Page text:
Stuart Allsopp profile picture


Torsten Asmus

U.S. inflation expectations, based on the spread of inflation-linked bonds and regular Treasuries, continue to move lower after peaking in April this year. Despite this, bond yields continue to move higher, with 2-year yields at their highest levels since 2007, touching 4%. The Fed’s inflation fight has already been won in the eyes of investors, and once this begins to show up in headline inflation figures we are likely to see short-term yields fall sharply. Now is an excellent time to lock in yields with the iShares 1-3 Year Treasury Bond ETF (NASDAQ:SHY).


The SHY ETF holds U.S. short-term Treasury bonds with a maturity of between 1 and 3 years. The current yield to maturity of the fund is 4.0%, which is the highest it has been since the global financial crisis. The effective duration of the fund is just 1.8 years and so investors can expect very little volatility in either direction. Even the surge in yields seen over the past 12 months has only seen the ETF lose 5% in total return terms. The downside is that capital gains will be relatively mild even if we see a sharp decline in yields. However, the 4% returns that investors will receive over the next 2 years is likely to be significantly higher than the returns in most other markets, with far less volatility. Only the energy sector offers a dividend yield above 4%.

Inflation Expectations Continue To Decline

While headline inflation remains in excess of 8%, long-term inflation expectations as measured by the Treasury Inflation Protected Securities market have fallen back to long-term averages. 10-year inflation expectations sit at 2.5%, having fallen from over 3% in April. The combination of interest rate hikes and rising tax revenues has tightened global liquidity significantly and weakness in the economy has helped to bring down oil prices, which are a key driver of inflation expectations.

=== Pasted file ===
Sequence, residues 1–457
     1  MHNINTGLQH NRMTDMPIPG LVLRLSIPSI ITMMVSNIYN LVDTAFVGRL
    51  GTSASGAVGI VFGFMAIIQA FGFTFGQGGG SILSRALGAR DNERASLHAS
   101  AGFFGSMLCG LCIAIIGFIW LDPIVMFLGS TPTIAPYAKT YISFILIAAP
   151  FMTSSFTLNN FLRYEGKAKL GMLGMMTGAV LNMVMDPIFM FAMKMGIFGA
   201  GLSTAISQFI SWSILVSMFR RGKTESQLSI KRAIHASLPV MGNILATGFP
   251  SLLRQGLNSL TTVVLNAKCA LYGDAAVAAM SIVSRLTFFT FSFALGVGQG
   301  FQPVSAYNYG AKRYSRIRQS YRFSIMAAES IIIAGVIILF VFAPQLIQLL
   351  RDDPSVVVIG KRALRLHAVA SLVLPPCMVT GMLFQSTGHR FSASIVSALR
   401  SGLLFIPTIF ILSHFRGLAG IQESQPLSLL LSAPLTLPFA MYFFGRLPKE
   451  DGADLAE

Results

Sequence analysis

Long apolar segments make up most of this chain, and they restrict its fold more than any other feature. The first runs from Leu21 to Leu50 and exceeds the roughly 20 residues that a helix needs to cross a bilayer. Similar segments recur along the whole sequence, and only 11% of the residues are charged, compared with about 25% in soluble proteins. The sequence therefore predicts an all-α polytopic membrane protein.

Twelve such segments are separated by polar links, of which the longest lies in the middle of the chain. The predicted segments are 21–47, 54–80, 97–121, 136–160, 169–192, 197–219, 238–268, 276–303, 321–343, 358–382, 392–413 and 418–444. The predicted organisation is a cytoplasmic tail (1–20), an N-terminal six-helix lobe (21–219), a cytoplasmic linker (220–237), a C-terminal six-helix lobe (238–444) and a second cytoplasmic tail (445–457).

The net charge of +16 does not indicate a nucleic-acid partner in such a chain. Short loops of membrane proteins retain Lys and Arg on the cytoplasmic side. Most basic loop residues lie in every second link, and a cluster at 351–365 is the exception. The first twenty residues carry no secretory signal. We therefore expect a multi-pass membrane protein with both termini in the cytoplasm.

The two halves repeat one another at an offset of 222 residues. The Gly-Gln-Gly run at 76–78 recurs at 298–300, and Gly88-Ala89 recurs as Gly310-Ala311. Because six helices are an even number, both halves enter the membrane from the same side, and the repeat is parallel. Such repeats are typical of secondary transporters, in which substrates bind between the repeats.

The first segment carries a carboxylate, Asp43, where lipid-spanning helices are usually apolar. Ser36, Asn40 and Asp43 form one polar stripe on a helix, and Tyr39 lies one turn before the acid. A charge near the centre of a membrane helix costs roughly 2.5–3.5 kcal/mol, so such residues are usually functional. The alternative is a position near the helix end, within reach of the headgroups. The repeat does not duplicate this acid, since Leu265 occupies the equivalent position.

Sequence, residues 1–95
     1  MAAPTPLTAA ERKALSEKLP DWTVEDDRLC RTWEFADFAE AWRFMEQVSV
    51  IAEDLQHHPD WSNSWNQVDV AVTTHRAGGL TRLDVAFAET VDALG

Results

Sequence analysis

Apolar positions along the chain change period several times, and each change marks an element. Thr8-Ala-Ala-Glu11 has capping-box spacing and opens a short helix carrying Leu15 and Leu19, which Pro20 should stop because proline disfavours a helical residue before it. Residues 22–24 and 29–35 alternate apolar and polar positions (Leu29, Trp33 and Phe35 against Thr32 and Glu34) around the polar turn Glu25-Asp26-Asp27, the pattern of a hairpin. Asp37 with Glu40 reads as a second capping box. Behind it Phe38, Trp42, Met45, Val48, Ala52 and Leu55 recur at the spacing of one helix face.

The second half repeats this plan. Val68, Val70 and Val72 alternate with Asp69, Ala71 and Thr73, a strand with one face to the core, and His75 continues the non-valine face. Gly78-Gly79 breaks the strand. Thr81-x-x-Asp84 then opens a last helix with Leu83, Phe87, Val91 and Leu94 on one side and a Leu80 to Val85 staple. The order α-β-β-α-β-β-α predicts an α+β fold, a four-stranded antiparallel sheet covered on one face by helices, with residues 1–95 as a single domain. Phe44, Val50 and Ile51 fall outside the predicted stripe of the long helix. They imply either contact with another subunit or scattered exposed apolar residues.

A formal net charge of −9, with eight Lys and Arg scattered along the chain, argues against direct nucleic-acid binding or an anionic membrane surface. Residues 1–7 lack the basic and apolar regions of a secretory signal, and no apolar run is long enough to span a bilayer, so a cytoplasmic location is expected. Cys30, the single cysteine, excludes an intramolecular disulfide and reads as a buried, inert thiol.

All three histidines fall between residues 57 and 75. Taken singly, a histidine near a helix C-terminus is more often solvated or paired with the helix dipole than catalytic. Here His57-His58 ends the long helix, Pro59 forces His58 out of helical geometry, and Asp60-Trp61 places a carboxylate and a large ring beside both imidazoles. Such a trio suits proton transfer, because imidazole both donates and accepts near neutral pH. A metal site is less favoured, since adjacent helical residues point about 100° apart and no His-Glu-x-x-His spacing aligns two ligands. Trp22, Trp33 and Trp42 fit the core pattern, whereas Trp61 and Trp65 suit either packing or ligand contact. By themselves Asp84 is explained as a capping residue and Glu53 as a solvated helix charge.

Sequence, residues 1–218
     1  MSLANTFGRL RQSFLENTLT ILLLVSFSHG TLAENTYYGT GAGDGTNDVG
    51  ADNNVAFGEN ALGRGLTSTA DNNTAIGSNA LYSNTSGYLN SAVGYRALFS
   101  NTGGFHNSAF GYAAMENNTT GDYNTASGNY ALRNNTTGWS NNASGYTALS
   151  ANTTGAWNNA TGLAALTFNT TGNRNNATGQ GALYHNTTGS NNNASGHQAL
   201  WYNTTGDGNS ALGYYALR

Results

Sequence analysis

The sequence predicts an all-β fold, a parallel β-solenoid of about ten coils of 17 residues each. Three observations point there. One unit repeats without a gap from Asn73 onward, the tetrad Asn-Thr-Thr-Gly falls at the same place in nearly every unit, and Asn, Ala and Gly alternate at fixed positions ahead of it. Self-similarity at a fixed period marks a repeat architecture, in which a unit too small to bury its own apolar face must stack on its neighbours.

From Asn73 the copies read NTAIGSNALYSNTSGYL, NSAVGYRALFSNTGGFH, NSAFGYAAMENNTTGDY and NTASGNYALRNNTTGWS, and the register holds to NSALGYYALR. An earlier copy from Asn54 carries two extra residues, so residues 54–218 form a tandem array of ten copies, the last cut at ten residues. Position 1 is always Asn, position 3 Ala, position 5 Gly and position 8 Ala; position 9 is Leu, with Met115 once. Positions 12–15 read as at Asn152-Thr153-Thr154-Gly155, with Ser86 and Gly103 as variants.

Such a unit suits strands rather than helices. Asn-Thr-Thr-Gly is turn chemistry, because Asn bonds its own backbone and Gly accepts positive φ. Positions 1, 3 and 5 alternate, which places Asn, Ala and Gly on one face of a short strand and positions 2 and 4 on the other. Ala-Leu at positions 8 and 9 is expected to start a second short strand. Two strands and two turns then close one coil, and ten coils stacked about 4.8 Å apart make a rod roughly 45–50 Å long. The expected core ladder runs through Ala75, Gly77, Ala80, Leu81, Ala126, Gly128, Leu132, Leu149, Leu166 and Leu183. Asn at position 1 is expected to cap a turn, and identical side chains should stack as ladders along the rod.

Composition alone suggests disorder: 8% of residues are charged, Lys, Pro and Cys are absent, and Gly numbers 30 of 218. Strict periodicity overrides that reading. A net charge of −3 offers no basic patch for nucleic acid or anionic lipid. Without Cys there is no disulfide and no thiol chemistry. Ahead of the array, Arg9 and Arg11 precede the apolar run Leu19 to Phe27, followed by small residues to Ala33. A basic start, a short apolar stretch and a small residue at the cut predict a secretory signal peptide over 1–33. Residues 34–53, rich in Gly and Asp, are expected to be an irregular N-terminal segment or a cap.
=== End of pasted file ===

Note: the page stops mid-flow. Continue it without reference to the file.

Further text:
U.S. 10-Year Breakeven Inflation Expectation (Bloomberg)

At the 2-year level, breakeven inflation expectations have fallen even more sharply, from a peak of near 5% in March to just 2.3% today. As the chart below shows, such expectations tend to be accurate and suggest that headline CPI will fall dramatically over the next 24 months.


U.S. 2-Year Inflation Expectations Vs. Trailing CPI (Bloomberg)

Fed Policy Is Now Very Tight

It may sound strange, with the Fed funds rate still 6% below headline inflation, to argue that Fed policy is now tight, but on a forward-looking basis 2-year yields are currently 168bps, compared to a long-term average of zero. Real yields across the banking system are even more restrictive, with 12-month LIBOR now at 4.7%, which is its highest spread above inflation expectations since the height of the global financial crisis.


US 2 Year UST And 12 Month Libor Adjusted For 2-Year Inflation Expectations (Bloomberg)

There are numerous signs that this tightening is taking its toll on liquidity and economic conditions. Equity multiples have fallen sharply, particularly in the bubbly sectors of the market, while corporate credit spreads have widened. The Conference Board’s Leading Economic Indicator has fallen to zero and has a very strong track record of predicting recessions.


US Leading Indicator Index (Conference Board)

Interest rate markets are pricing in at least a further 200bps of hikes over the next 6 months, which would likely exacerbate the above conditions, and I believe there is a significant risk of a market panic and credit crunch similar to that seen in 2008. As the risks of such an event rise, I firmly believe that the Fed will err on the side of supporting asset markets, particularly if headline CPI collapses as markets expect.


The SHY ETF offers investors relatively high yields with very limited downside risks. The 4% yield on offer is unlikely to last for long as inflation pressures continue to subside and extremely high real yields put pressure on liquidity and economic conditions.


Image and article originally from Read the original article here.

By admin